In the United States, ARPA has always had a defence focus. It was set up within the Department of Defense and given an explicit mandate to contribute to the technological superiority of the U.S. armed forces. In his oral evidence to the STC, academic William Bonvillian called the agency an “island bridge” — protected from overzealous bureaucracy but retaining strong links back to the department and its leadership. He noted that the Department of Defense created an “initial market” for products, which was not always the case for the various ARPA clones in other parts of the federal government. This is an important point — the ARPA replica within the Office of the Director of National Intelligence has done well because it has a clear mission and a committed customer in the intelligence community. The Department of Energy’s version has struggled to achieve the same success given the lack of either.

The British government seems to have taken the lesson that an agency of this type needs a clear position within a department, but its choice is interesting. While BEIS is an obvious candidate, given its role at the centre of existing innovation efforts, this is not the only relevant factor. If ARIA is intended to focus on high-risk research that is not being funded by current innovation bodies, why should it sit next to them? If the agency will cut through unnecessary bureaucracy to fund its chosen projects, why place it within a department known for bureaucracy? If it does not have a specific departmental customer and should instead be facilitating cross-discipline research, why cut it off from other departments that could contribute to its work? Professor Mariana Mazzucato highlighted this in her oral evidence to the STC, suggesting that the agency should either sit in a more cross-departmental position (such as within the Cabinet Office) or that there should be area-specific bodies set up within key departments that could work together where needed.

If ARIA is intended to focus on high-risk research that is not being funded by current innovation bodies, why should it sit next to them?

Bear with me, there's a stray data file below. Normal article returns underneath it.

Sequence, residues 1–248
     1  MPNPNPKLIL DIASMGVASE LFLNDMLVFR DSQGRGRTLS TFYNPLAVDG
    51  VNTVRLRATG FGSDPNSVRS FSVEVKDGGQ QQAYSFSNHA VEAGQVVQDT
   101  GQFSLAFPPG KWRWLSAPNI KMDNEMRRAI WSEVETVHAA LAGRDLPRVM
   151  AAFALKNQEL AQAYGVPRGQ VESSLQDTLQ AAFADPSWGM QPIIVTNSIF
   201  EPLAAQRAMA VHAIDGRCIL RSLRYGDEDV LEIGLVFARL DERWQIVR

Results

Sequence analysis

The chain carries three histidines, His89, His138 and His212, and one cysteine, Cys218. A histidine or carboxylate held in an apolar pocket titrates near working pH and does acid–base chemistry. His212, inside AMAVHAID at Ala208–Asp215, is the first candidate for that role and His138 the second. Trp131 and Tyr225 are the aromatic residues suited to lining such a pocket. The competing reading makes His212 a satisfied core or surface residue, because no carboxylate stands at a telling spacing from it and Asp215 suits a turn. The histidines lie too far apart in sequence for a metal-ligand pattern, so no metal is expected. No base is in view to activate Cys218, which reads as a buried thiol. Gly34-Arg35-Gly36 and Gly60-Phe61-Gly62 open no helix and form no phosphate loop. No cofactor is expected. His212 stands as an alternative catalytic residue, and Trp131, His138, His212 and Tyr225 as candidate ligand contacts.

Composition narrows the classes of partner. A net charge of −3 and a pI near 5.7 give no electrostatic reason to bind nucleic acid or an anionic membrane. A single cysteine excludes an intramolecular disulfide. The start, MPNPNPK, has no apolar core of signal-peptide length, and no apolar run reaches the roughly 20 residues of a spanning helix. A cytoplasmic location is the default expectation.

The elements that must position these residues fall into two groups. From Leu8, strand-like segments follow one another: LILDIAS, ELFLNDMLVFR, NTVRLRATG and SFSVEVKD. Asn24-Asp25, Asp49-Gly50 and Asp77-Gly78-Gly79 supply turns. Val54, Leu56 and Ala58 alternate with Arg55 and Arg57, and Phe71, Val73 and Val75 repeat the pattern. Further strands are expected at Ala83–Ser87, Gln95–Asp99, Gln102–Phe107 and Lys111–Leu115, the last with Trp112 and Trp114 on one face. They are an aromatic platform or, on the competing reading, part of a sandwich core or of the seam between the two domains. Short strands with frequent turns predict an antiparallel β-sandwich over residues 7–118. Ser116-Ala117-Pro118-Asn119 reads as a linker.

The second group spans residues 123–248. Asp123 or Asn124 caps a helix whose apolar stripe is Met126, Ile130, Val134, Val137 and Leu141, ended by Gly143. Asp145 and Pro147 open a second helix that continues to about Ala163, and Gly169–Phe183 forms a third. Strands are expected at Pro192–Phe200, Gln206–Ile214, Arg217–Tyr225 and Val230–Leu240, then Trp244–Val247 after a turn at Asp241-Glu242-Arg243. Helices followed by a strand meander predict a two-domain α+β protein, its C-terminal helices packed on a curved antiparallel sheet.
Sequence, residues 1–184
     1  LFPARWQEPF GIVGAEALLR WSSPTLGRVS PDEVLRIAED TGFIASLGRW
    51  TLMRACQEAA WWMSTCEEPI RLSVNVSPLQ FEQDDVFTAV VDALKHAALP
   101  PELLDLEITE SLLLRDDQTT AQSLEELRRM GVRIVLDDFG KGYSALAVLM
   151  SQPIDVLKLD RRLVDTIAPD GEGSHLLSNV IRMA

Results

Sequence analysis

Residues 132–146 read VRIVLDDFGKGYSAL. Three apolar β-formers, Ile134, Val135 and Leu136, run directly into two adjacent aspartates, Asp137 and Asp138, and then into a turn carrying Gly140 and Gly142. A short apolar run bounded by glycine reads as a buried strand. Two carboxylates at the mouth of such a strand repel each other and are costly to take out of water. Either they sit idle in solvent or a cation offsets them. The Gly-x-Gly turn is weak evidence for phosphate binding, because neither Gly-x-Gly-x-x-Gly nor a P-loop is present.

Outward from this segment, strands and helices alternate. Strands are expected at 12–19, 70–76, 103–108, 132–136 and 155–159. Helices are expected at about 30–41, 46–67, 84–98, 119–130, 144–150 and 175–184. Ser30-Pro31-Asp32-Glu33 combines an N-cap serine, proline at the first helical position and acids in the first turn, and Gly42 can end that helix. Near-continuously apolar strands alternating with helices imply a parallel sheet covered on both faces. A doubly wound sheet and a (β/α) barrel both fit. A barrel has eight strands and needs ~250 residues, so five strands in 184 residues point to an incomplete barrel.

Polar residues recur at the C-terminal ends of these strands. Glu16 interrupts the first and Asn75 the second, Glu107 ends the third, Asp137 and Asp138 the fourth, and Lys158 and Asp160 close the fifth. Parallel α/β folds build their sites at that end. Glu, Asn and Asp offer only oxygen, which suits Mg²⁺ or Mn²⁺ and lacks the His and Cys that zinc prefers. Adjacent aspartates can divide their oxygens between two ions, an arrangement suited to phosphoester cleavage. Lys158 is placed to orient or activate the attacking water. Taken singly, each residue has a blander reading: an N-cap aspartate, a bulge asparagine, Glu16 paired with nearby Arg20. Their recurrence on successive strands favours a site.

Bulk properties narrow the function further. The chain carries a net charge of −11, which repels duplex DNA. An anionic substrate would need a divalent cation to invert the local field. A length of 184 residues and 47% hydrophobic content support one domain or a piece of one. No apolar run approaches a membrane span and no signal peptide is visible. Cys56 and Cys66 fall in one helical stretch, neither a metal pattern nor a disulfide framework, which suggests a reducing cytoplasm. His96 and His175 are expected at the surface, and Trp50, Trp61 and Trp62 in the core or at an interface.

Currently, there is a clear stretch of water between civilian research and defence research. Given the Ministry of Defence’s experience and skill in fostering innovation, it seems odd that the defence side of innovation is overlooked in the current ARIA plans. It is unclear why there is such a gulf between civilian and military research. Whatever the reason, this divergence is concerning — a lack of strong links between the two means fewer opportunities for cross-pollination. Given ARIA’s explicit mandate to be cross-disciplinary in its outlook, leaving defence out in the cold is a mistake.

ARIA’s establishment requires primary legislation, and there will doubtless be further debates to come as the bill progresses. The agency will not be as well-funded as its American counterpart, even when adjusting for national size, and may thus become overstretched if it tries to do too much. However, discussions on the intricacies of ARIA’s operation risk overshadowing the more fundamental questions about its establishment. ARPA cannot simply be transplanted from an American Cold War context into today’s United Kingdom, and a focus on form over function without a clear customer for its products will not lead to optimal outcomes.

 


A version of this post appeared on War on the Rocks as aria to progress? The British advanced research and invention agency should learn more from defense

Note: This article gives the views of the author, and not the position of the Impact of Social Science blog, nor of the London School of Economics. Please review our Comments Policy if you have any concerns on posting a comment below.

Image Credit: NASA on the commons, 6- x 6-Foot Supersonic Wind Tunnel at Amesm, via Flickr, No known copyright.


 

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About the author

Emma Salisbury

Emma Salisbury is working on her Ph.D. at Birkbeck College, University of London. Her research focuses on defence research and development in the United States and the military-industrial complex. She is also a senior staffer at the U.K. Parliament. The views expressed here are solely her own. You can find her on Twitter @salisbot.